Whilst the film industry was on the rise, the commencement and duration of World War 1 brought about a significant transition for the industry, with many companies and countries’ industries either collapsing entirely or vastly reducing their scale of production. This shift toppled the French and Italian monopoly as the the center of film production, with America / Hollywood coming to the forefront in their wake. By the 1920s, Hollywood was producing over 800 films per annum, over 80% of the total global film production. Additionally, going to the cinema was quickly becoming a weekly necessity, with approximately 50 million Americans attending every week. With the vast amounts of people coming to seem films every week, Hollywood began to create their own culture, implementing the ‘star system’ and garnering a huge amount of control over the public presentation and lives of their actors.
The development of the industry once again picked up in the post-war environment, with the first film with sound being released in 1927. Within two years, Hollywood had almost entirely shunned the silent film, and whilst the change was markedly slower in the rest of the world, the impact of sound was evident and the apparent immersion into film was nigh on complete. The inclusion of sound gave birth to the musical film in addition to the modern horror film, with the release of King Kong, Dracula and Frankenstein in the early 1930s. In addition to this, the invention of technicolour in 1916 positively revolutionised the industry, evident in multiple films from the period, such as the Wizard of Oz or America’s first animated feature, ‘Snow White and the Seven Dwarfs.’
Much of this development happened in the lull between the post WW1 environment, with the industry shifting yet again in the 1940s- Britain once again gained a foothold on the industry via their influx of wartime propaganda films, with America following suit with films such as Casablanca (1942) and reflecting the disillusionment of the war via the cynicism of film noir, such as the Maltese Falcon (1941), Double Indemnity (1944) and The Big Sleep (1946).
Post World War 2 left no breathing room, with the Cold War commencing soon afterward. The threat of communism loomed large over the industry, with many members of the Hollywood film industry, including Charlie Chaplin and Dalton Trumbo, being blacklisted. Notably, this time period of the early 1950s was largely impacted by the commonplace introduction of the television into the home, with many film studios turning to satire or spectacle (as demonstrated by influx of 3D films and alien themed science fiction) the to keep audiences.
That is not to say that television toppled the film industry, far from it. However, the rise of screen time only catapulted from here, with the average American household watching nearly an hour and a half more television by 1959 than they did at the beginning of the decade. Couple that with the fact that Americans are now spending almost 24 hours per week online, with streaming service Netflix boasting over 137 million subscribers as of 2018, little over a decade after the company moved into online video streaming in 2007 and only being available worldwide since 2016. With this in mind, Netflix users had streamed over 42.5 billion hours of video via the service as of 2015, with their userbase currently spending over 100 million hours per day watching content. It seems that watching content has moved from being an event or outing to being an extension of our day to day lives, with accessibility and portability being the order of the day.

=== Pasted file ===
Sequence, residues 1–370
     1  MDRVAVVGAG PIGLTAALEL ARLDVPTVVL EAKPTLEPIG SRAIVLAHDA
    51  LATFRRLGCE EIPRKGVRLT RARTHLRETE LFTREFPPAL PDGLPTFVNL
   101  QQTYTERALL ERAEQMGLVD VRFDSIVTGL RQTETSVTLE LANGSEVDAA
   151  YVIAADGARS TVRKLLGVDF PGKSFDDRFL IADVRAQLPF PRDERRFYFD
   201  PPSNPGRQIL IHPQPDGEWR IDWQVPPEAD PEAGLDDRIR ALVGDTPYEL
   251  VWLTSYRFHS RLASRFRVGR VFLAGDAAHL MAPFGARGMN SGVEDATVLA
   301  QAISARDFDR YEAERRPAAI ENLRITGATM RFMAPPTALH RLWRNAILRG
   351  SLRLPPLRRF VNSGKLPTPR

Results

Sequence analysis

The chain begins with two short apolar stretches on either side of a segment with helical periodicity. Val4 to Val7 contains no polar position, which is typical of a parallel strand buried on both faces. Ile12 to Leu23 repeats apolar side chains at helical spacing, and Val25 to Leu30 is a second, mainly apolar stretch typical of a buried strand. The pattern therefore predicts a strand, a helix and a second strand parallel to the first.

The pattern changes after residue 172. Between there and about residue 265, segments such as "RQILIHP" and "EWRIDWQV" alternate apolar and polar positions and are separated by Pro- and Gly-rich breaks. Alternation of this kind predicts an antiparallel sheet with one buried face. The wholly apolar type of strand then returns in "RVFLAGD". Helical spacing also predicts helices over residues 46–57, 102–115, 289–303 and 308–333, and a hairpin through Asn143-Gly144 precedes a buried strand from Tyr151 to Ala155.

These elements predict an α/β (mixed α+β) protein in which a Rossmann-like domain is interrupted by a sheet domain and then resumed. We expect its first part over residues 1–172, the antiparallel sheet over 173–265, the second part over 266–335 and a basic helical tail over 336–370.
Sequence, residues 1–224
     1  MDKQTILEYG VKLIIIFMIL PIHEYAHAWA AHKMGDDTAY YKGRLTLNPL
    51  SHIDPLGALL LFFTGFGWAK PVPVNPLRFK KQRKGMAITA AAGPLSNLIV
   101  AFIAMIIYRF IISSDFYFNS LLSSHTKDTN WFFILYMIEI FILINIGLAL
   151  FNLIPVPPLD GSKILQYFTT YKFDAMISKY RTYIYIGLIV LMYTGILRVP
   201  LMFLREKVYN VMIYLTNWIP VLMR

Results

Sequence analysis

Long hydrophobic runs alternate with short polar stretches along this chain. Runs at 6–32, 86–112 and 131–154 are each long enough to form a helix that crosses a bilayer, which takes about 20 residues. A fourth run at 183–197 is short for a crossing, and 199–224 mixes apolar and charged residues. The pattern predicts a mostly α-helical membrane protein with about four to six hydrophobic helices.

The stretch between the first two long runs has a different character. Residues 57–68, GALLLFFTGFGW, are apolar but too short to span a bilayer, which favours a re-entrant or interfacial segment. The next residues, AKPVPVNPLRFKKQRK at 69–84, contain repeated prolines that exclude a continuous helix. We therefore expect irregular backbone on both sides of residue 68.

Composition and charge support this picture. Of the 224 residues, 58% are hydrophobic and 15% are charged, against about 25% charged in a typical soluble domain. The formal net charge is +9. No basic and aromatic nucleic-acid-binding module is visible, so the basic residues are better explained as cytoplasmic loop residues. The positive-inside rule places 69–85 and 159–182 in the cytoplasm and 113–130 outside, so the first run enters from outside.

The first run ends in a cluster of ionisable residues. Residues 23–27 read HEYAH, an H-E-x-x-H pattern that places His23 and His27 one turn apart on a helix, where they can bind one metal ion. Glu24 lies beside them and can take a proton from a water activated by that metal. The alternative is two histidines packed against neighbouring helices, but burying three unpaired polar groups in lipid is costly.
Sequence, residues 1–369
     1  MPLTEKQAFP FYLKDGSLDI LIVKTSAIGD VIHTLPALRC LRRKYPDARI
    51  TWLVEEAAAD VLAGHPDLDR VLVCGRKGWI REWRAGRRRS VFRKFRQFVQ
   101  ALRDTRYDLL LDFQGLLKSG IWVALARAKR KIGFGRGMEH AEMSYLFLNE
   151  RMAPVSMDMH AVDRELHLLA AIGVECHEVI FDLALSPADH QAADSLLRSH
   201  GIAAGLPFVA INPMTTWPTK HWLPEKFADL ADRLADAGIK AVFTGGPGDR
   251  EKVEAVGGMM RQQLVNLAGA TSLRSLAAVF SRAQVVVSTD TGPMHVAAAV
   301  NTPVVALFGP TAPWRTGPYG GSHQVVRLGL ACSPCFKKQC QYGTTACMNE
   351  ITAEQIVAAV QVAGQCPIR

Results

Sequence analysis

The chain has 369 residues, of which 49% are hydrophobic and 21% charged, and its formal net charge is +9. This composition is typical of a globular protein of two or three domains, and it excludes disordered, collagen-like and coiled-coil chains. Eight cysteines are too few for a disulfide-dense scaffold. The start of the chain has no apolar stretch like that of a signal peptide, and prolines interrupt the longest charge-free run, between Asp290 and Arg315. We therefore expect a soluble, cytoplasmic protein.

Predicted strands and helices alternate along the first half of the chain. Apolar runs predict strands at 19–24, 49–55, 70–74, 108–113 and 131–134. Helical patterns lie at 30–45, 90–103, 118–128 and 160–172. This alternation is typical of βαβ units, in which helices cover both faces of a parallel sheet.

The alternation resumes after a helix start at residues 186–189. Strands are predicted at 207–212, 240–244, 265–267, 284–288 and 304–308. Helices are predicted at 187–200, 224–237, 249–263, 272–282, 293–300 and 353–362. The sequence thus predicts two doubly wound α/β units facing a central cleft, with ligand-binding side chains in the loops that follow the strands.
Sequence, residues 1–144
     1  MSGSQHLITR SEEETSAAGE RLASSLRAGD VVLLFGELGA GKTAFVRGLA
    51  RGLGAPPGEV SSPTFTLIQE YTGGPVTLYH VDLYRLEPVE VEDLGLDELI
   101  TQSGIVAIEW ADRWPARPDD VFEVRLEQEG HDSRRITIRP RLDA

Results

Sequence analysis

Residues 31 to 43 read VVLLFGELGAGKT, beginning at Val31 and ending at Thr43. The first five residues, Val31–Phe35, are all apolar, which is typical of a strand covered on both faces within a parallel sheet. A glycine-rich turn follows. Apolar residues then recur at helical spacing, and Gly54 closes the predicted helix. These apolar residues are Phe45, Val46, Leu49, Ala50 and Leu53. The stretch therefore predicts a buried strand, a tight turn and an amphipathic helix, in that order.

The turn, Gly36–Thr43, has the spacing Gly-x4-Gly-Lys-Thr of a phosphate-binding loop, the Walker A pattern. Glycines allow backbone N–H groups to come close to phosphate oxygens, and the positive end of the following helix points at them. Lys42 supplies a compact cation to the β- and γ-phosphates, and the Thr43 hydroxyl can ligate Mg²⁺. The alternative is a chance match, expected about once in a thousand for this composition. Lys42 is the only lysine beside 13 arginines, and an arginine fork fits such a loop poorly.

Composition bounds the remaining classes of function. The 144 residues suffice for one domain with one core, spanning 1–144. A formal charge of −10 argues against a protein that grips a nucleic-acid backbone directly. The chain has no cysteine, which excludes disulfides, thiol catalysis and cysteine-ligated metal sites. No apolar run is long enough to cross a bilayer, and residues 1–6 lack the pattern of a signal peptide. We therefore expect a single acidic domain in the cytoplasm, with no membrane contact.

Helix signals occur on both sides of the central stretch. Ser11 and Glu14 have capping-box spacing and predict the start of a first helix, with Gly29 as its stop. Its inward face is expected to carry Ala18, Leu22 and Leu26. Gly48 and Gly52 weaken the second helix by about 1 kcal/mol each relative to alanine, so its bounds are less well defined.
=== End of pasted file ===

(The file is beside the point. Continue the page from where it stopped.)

The way that we interact and learn has changed over the years, with our visual bias being catered to more and more as the years go by. Additionally, there is a growing expectation from consumers for a sense of immediacy with visual media, hence the requirement of portability- we want content that will fit into our lives, that we can access anywhere, anytime, on any device. As technology is viewed more and more as an extension of our day to day lives, it is a necessity that is just as flexible as we are.
Here at TV4Education, we endeavour to do just that- to provide you with great content that you can access 24/7, regardless of device or location. Because education should be easy, and TV4Education helps to achieve that.
Here’s a list of TV4Education resources in relation to this subject. If you use the SmartSuite version of TV4Education, just search for the titles below on your site:
TV4Education: The Hollywood War
TV4Education: Looking for Truffaut
Curated YouTube: The History of Cutting- The Birth of Cinema and Continuity Editing
Curated YouTube: The Changing Shape of Cinema: The History of Aspect Ratio
YouTube: The History of Cinema- Silent Era